With a beer in one hand and their ideas in another, students grappled with social and economic issues on the continent.
A number of different Wits University political groups found themselves sharing the floor at the annual ReThink Africa debate this week. The debate, hosted over a round of beers at the Wits postgraduate pub on Tuesday, April 11, as part of the Africa Week programme hosted by the Wits School of Arts (WSOA).
Members from Pan Africanist Student Movement of Azania (PASMA), the African National Congress Youth League (ANCYL), the Progressive Youth Alliance (PYA), the Wits Student Representative Council (SRC), the South African Students Congress (SASCO) and Wits Economic Freedom Fighters (EFF) as well as other students all participated in the debates.
Palomino Jama, 3rd year Media and International Relations and the SRC’s All Faculty chairperson, felt that the beer debate brought about about some unity amongst the different, and normally opposing groups. “Ssometimes you’ll see an EFF person, a PYA person and a PASMA person agreeing against their party mates but based on ideological point of view,” she said.
“I enjoy these things because you find that you have more in common than the opposition which is refreshing for me,” Jama added.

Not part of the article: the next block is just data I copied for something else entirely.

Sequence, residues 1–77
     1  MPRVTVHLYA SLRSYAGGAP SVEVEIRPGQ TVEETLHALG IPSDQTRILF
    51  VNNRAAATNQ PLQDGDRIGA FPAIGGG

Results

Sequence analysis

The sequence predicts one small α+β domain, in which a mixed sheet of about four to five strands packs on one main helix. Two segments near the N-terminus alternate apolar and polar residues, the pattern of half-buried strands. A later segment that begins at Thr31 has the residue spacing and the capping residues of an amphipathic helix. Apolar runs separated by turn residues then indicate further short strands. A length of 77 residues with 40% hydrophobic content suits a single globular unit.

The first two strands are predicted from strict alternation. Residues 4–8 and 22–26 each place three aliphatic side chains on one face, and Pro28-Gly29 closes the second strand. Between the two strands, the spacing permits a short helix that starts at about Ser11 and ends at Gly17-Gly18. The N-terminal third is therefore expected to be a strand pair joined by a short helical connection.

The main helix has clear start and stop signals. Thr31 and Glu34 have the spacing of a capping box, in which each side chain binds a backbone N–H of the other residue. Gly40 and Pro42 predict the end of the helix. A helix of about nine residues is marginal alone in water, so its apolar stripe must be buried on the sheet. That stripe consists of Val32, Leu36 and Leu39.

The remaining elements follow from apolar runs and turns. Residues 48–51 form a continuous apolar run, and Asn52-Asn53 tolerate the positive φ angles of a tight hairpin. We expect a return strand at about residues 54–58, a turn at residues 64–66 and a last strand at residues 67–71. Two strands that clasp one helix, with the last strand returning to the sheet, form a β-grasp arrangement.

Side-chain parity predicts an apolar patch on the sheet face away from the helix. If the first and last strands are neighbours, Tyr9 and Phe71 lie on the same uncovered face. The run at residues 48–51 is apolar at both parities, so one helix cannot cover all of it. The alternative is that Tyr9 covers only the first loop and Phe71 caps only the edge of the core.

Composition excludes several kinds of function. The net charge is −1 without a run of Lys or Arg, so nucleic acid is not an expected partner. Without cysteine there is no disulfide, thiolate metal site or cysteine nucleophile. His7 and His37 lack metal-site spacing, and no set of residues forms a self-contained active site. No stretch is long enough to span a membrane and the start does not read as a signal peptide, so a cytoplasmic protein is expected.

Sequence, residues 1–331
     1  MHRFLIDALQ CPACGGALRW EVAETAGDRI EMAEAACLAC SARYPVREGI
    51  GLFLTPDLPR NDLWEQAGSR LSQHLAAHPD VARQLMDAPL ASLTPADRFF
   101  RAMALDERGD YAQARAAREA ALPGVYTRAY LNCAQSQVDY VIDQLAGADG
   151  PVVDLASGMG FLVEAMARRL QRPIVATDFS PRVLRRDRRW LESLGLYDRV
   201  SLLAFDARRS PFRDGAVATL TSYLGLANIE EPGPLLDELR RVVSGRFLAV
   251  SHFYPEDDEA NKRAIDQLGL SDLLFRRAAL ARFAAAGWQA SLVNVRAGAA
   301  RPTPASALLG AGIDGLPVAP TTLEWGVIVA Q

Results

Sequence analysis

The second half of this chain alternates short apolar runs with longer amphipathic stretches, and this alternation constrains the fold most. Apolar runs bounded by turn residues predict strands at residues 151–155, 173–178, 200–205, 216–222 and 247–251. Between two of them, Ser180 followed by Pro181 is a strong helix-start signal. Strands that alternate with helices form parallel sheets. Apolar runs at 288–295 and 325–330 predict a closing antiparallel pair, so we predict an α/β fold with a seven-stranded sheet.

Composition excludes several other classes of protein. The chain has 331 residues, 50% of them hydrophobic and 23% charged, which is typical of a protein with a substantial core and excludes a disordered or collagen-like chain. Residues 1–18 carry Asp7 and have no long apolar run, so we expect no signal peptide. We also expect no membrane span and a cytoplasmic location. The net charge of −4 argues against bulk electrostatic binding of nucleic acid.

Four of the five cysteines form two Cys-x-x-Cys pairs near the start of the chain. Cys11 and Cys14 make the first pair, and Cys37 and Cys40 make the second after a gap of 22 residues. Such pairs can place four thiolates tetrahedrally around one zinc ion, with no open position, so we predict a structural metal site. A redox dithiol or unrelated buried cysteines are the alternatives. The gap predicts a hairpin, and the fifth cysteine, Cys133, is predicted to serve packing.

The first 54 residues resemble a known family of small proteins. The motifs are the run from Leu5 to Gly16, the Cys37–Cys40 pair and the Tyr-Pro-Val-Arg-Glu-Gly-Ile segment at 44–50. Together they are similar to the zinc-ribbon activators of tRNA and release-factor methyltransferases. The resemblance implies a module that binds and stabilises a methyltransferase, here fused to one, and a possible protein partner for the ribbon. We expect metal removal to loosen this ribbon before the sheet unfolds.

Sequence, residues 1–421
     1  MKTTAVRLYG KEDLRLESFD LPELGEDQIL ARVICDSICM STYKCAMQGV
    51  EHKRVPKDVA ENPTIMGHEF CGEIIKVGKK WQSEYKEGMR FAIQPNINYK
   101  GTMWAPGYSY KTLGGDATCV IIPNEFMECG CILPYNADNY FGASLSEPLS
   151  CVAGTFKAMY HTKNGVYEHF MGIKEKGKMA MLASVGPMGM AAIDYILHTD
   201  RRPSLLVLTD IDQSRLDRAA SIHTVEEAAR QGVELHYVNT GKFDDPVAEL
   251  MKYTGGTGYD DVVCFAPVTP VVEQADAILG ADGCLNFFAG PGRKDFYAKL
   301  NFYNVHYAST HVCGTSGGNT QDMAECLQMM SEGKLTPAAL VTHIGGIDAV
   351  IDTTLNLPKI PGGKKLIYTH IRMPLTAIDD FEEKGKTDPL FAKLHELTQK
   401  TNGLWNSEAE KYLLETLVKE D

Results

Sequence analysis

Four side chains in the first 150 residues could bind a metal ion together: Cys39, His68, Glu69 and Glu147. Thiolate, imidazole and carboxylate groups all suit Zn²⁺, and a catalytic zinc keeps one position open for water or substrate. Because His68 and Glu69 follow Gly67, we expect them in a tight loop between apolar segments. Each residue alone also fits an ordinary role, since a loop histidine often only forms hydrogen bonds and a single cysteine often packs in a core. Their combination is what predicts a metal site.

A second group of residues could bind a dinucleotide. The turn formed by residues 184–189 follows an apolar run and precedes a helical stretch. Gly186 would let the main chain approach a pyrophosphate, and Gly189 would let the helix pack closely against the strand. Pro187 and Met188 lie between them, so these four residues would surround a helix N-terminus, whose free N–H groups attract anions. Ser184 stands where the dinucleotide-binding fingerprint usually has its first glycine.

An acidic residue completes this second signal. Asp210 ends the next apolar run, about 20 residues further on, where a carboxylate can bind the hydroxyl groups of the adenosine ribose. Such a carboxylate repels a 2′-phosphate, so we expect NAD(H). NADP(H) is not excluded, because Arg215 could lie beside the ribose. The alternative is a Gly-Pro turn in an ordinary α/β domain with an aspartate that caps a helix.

Some of the topics debated were whether or not government should prioritise township economies and whether men can be feminists.
Yamkela Fanisai, chairperson of the ANCYL, said that he found that alcohol was an effective stimuli for engaging debate. “The issue of alcohol being there and us debating and doing that fruitfully, it was very impressive for me. To me, alcohol makes me to think more articulate.”
MSc Biochemistry student, Ilan Kirkel echoed Jama’s sentiments about the beer: “I feel like it changed the whole environment to the discussion. People get to talk about how they really feel, but also have a good laugh about it”.
“It’s a way to smash together two things Witsies love: being smart and having fun. It’s an intellectual turn up!” said Bandile Ngidi, the director of ReThink Africa.
Taken from Witsvuvuzela.com